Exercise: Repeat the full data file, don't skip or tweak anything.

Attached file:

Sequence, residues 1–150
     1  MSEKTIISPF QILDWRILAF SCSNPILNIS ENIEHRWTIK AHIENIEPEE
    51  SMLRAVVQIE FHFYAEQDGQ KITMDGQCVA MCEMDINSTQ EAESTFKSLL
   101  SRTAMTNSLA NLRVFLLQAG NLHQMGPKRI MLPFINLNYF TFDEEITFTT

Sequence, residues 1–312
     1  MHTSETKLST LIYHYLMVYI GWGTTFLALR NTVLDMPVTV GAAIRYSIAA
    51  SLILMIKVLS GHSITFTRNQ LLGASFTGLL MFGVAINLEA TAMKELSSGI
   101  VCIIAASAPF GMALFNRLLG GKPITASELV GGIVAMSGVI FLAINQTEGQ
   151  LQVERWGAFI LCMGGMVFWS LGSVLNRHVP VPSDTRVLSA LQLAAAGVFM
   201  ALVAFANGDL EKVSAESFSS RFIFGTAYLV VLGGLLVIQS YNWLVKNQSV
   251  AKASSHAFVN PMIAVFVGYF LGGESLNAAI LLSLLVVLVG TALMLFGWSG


Sequence, residues 1–150
     1  MSEKTIISPF QILDWRILAF SCSNPILNIS ENIEHRWTIK AHIENIEPEE
    51  SMLRAVVQIE FHFYAEQDGQ KITMDGQCVA MCEMDINSTQ EAESTFKSLL
   101  SRTAMTNSLA NLRVFLLQAG NLHQMGPKRI MLPFINLNYF TFDEEITFTT

Sequence, residues 1–312
     1  MHTSETKLST LIYHYLMVYI GWGTTFLALR NTVLDMPVTV GAAIRYSIAA
    51  SLILMIKVLS GHSITFTRNQ LLGASFTGLL MFGVAINLEA TAMKELSSGI
   101  VCIIAASAPF GMALFNRLLG GKPITASELV GGIVAMSGVI FLAINQTEGQ
   151  LQVERWGAFI LCMGGMVFWS LGSVLNRHVP VPSDTRVLSA LQLAAAGVFM
   201  ALVAFANGDL EKVSAESFSS RFIFGTAYLV VLGGLLVIQS YNWLVKNQSV
   251  AKASSHAFVN PMIAVFVGYF LGGESLNAAI LLSLLVVLVG TALMLFGWSG